Limited to pretty much weekends and public transit, and with a fellow bird watcher who has unique requirements, following the tides is bit a of a challenge. Nonetheless, the chance at seeing this species would be worth the multiple buses it would take to get there.

Wednesday, July 19, 2017

Wednesday, July 12, 2017

Birding the Bronx River at New York Botanical Garden

Wood Ducks benefit from the habitat conserved at New York 
Botanical Garden (NYBG). This species breeds in tree cavities
near water, two qualifications which can be found in the forest
at NYBG. 

Although birds can be found throughout the garden (and some
species, such as Red-breasted Nuthatches might be more likely
around certain plant collections, like conifers), most of my
favorite spots are shown on this map. The Thain Family Forest
contains roughly four short trails that are worth hours of
combing for both birds and tranquility. The model wetland
can be accessed just outside the trail at the center of this map
(but not shown). Also not shown are the Twin Ponds, which
would be on the left side of the map, just outside the forest
and below the river. 

Wednesday, July 5, 2017

Birding the Bronx River at the Bronx Zoo

The Bronz Zoo is a great place to see birds- and not just the species on exhibit!

A mother Wood Duck with her ducklings swims on the
Bronx River, on May 12, 2017, at the Bronx River,
seen from the Mitsubishi River Walk. Species like this

are able to breed and raise their young in the habitat
around the Bronx River.

Habitat along the Bronx River at the Bronx Zoo includes
remaining forest of Tulip Trees, oaks, and other native trees.
Other habitats include mudflats and some wetlands along the
river (and some in animal enclosures). While most species
just migrate through, there are species that breed here too.

Saturday, June 17, 2017

Birding the Bronx River along Soundview Park

The mouth of the Bronx River, emptying into the East River, which is a tidal
straight between Long Island Sound and the Upper New York Bay.. 


Industry is still part of the Bronx River and this is in full view
at Soundview Park, but there are birds here.

Saturday, June 10, 2017

Birding the Bronx River Corridor

Looking downstream along the Bronx River, 
at New York Botanical Garden in June 2017

A sign at the Bronx Zoo (at the World of Birds) depicts 
an American Redstart and notes the ecological importance of the 
Bronx River for migratory birds. 

I saw an American Redstart chasing insects in a tree about 
50 feet from the sign pictured above, at the Bronx Zoo.

Saturday, May 20, 2017

Gray-cheeked Thrush or Bicknell's Thrush?

I spent most of the day on May 20, 2017, birding at New York Botanical Garden, in Bronx County, NY.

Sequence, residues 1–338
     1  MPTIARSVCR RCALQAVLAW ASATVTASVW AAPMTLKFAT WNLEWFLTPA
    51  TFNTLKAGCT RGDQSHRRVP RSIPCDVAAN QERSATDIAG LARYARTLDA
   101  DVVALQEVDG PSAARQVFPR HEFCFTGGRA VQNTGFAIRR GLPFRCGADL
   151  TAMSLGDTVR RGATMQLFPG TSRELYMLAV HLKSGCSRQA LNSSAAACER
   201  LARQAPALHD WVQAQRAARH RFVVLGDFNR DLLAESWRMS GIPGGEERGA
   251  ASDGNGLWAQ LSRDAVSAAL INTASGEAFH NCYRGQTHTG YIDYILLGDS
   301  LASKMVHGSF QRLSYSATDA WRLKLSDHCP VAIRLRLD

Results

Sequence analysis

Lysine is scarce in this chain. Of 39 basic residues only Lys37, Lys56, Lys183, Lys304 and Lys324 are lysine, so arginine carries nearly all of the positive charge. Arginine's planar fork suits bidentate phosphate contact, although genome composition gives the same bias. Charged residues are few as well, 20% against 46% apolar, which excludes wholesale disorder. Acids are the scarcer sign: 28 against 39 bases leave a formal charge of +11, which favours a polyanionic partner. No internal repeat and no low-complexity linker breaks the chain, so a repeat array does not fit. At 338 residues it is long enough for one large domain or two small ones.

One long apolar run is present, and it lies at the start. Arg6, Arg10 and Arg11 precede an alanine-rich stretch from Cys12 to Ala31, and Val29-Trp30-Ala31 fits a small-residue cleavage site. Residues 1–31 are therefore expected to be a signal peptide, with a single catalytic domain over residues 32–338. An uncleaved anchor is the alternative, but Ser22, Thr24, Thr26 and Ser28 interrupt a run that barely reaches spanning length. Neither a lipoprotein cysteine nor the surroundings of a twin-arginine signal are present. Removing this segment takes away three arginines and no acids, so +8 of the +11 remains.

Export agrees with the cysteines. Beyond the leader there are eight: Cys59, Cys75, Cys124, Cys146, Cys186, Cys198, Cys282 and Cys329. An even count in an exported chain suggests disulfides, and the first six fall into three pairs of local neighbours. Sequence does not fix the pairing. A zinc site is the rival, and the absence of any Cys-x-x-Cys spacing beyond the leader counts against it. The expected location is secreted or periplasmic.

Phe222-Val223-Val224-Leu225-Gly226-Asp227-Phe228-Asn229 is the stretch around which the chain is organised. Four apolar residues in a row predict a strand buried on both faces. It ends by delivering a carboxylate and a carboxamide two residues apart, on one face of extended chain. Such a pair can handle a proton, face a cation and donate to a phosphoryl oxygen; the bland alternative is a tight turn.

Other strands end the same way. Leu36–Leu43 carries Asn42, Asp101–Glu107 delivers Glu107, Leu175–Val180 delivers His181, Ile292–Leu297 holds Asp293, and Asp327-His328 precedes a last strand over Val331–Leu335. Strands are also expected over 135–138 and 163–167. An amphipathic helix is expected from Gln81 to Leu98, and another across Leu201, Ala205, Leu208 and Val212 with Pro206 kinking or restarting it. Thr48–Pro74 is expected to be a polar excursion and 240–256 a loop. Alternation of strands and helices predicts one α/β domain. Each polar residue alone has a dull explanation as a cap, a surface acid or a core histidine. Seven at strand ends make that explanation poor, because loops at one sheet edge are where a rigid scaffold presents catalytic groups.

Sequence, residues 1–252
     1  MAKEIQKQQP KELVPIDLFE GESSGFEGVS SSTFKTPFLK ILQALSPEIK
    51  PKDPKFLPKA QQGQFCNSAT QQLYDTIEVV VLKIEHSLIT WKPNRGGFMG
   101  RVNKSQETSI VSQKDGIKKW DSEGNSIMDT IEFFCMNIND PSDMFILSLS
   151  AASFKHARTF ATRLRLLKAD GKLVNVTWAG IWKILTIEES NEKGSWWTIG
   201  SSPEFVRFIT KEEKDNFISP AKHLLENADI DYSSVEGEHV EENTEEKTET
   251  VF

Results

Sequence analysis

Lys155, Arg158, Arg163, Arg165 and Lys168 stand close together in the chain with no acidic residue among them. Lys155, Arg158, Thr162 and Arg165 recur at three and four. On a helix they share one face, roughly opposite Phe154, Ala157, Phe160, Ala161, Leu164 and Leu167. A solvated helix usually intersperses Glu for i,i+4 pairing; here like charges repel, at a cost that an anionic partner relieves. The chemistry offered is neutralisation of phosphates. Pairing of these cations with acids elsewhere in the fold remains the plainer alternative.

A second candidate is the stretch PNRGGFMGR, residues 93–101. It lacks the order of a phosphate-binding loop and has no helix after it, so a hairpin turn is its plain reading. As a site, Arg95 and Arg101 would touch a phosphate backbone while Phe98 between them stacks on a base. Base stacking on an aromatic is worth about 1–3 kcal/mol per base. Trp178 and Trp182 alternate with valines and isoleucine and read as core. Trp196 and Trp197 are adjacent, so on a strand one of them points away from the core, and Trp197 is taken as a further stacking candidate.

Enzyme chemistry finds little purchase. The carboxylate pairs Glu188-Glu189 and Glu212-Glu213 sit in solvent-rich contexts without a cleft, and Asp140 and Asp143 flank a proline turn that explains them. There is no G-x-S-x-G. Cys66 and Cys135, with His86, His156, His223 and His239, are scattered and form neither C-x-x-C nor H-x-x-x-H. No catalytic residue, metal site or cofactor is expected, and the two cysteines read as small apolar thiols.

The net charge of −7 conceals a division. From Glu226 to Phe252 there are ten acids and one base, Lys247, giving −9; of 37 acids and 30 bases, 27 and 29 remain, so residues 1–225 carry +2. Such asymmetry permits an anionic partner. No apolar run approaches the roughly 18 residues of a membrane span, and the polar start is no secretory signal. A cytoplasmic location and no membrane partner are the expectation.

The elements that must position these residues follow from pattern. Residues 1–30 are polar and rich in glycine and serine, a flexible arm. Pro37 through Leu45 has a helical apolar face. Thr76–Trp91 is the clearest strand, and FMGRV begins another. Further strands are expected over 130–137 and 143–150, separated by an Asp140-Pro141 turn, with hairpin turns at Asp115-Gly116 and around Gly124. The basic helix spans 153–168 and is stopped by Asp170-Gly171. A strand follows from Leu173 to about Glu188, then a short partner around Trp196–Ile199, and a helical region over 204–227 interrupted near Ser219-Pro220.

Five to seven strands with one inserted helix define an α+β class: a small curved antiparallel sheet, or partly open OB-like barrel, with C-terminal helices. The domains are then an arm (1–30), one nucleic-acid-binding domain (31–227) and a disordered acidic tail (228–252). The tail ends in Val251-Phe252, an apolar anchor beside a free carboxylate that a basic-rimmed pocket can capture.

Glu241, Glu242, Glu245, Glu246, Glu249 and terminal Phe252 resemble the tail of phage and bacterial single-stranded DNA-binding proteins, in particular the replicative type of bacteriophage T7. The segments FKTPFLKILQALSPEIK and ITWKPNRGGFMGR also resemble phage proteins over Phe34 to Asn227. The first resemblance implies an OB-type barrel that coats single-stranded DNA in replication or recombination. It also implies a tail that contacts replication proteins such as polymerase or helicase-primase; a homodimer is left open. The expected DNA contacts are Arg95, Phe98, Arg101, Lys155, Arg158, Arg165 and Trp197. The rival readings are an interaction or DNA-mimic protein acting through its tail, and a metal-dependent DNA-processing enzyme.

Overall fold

In addition to a good mix of warblers, I encountered four species of thrush. I was able to identify three of the species, Swainson's Thrush, Wood Thrush, and American Robin. I cannot identify the fourth because the potential species are reportedly not distinguishable by sight alone, per David Allen Sibley and Cornell Lab of Ornithology.

When submitting the bird to eBird, the designation as "Gray-cheeked/Bicknell's Thrush Catharus minimus/bicknelli" was flagged as rare for this date and location.


Friday, May 19, 2017

Birding Crotona Park in the Bronx

Northern Waterthrush, Crotona Park, May 18, 2017

Previous to November 2016, there is no bird data on eBird for Crotona Park. Who knows what species were flitting among the treetops?

It came to my attention- and a couple of other birders- that this park has some interesting conditions that might make it a good place to bird watch.

The park has a variety of mature trees, especially oaks and black cherries, which support hordes of arthropods and might prove attractive to migrating birds  The current park staff have also planted many native trees, including many tuliptrees, which should bode well for the future of birds (and birding!) at this site.

A meadow in the northeast section of Crotona Park, Bronx, NY

As birds migrate along the Atlantic Flyway, they need spaces to stop. Central Park is a well-birded migrant trap; in Manhattan, the lack of space for birds to stop funnels them into concentrated areas like Central Park. Crotona Park is also a bright green spot in the lower half of the Bronx. The top half of the Bronx has much more green space in Van Cortlandt Park and Pelham Bay Park, both of which are hotspots for birds, but the spaces are large and birds can be diffuse. The Bronx Zoo and New York Botanical Garden are north of Crotona and are also great for birds. However, below 180th Street, there is not much green space overall. St. Mary's Park or Fanz Sigel Park might also host birds; Soundview Park, east of Hunt's Point, could also have favorable bird conditions in the lower half of the Bronx, as there are many cotttonwood trees, some grassland, and a small marsh there.